Wonho Jeong

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Atomic and single-molecule junctions represent the ultimate limit to the miniaturization of electrical circuits. They are also ideal platforms for testing quantum transport theories that are required to describe charge and energy transfer in novel functional nanometre-scale devices. Recent work has successfully probed electric and thermoelectric phenomena(More)
Quantitative studies of nanoscale heat dissipation (Joule heating) are essential for advancing nano-science and technology. Joule heating is widely expected to play a critical role in accelerating electromigration induced device failure. However, limitations in quantitatively probing temperature fields—with nanoscale resolution—have hindered elucidation of(More)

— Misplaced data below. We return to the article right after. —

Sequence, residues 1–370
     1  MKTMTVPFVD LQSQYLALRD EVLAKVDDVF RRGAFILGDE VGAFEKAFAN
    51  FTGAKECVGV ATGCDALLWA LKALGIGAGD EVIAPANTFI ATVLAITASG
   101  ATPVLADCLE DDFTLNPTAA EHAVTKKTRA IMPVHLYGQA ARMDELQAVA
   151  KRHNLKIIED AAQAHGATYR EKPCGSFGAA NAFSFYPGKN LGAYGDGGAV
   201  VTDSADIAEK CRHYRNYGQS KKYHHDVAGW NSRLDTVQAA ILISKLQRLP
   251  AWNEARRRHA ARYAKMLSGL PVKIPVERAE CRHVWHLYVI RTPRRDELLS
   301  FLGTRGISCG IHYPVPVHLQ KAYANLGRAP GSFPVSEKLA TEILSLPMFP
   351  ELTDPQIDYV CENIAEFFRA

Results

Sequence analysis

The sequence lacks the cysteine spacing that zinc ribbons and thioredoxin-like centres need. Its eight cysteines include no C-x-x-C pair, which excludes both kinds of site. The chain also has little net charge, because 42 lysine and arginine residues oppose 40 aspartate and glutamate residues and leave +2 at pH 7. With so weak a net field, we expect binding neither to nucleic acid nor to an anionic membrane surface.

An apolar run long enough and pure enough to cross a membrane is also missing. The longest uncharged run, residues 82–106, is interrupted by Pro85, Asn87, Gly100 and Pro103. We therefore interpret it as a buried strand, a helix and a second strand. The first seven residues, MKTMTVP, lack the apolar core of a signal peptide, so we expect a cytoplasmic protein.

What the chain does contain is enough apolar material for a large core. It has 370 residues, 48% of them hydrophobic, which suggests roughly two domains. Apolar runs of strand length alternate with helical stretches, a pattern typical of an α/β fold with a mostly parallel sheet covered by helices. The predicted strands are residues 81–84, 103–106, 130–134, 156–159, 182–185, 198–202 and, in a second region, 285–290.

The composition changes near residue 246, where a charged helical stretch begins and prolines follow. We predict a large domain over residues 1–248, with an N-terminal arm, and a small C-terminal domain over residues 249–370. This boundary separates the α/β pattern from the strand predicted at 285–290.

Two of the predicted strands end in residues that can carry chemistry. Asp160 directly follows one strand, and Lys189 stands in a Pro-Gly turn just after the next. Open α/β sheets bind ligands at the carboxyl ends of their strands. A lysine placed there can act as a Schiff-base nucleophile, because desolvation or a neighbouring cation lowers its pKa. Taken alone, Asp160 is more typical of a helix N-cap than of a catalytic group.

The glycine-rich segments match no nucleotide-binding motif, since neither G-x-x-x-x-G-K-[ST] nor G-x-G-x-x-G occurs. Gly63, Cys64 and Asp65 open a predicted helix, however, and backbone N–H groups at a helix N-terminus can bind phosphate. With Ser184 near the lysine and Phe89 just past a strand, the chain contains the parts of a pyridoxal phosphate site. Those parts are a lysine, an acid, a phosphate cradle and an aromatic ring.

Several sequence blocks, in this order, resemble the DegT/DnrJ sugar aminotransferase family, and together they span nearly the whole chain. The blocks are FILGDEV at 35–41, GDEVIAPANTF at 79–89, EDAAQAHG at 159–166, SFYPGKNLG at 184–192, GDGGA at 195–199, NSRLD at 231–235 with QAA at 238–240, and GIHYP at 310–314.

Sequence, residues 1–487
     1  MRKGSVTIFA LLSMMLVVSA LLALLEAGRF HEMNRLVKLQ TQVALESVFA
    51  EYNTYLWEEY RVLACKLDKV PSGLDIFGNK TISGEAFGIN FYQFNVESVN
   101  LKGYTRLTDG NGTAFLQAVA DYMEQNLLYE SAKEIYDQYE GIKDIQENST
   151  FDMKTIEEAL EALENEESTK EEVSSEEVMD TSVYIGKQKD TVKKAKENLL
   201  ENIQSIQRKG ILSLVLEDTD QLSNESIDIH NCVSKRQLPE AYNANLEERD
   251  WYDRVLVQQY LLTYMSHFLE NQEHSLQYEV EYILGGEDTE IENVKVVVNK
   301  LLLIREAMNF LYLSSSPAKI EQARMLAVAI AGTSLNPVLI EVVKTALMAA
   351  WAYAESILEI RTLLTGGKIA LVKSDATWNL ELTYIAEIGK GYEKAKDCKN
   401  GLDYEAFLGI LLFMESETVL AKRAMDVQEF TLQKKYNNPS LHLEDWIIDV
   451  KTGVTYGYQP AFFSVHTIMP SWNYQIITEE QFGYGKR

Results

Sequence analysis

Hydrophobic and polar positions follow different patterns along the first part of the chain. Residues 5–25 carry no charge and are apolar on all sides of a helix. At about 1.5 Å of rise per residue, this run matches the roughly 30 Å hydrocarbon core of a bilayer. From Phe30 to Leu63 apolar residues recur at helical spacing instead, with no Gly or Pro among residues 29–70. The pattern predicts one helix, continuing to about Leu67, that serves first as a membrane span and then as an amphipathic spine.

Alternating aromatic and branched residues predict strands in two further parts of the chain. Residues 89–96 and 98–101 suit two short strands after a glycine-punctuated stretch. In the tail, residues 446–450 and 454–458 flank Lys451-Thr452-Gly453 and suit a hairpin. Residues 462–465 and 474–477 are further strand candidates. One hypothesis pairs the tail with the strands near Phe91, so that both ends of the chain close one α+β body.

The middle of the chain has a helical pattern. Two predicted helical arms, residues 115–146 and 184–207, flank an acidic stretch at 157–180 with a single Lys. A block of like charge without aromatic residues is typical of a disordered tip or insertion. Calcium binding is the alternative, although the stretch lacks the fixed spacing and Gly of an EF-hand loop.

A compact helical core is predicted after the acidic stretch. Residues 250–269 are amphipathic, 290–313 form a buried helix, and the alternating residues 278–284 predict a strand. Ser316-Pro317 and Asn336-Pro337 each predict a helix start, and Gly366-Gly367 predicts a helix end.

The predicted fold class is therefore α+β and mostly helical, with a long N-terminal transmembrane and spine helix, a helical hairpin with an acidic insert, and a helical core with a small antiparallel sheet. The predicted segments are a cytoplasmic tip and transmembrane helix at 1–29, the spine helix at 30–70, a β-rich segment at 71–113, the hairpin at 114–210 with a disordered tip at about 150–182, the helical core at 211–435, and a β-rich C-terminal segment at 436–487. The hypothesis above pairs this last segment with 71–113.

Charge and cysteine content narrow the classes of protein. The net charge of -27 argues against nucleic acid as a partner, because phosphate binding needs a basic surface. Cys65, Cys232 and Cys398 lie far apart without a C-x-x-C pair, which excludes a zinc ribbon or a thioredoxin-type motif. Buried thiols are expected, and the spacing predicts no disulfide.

Radiative transfer of energy at the nanometre length scale is of great importance to a variety of technologies including heat-assisted magnetic recording, near-field thermophotovoltaics and lithography. Although experimental advances have enabled elucidation of near-field radiative heat transfer in gaps as small as 20-30 nanometres (refs 4-6), quantitative(More)
Thermal transport in individual atomic junctions and chains is of great fundamental interest due to unique quantum effects expected to arise in them. Here, by employing novel, custom-fabricated, picowatt-resolution calorimetric scanning probes, we measure the thermal conductance of gold and platinum metallic wires down to single-atom junctions. Our work(More)
Motivated by recent experiments, we present here a detailed theoretical analysis of the joule heating in current-carrying single-molecule junctions. By combining the Landauer approach for quantum transport with ab initio calculations, we show how the heating in the electrodes of a molecular junction is determined by its electronic structure. In particular,(More)
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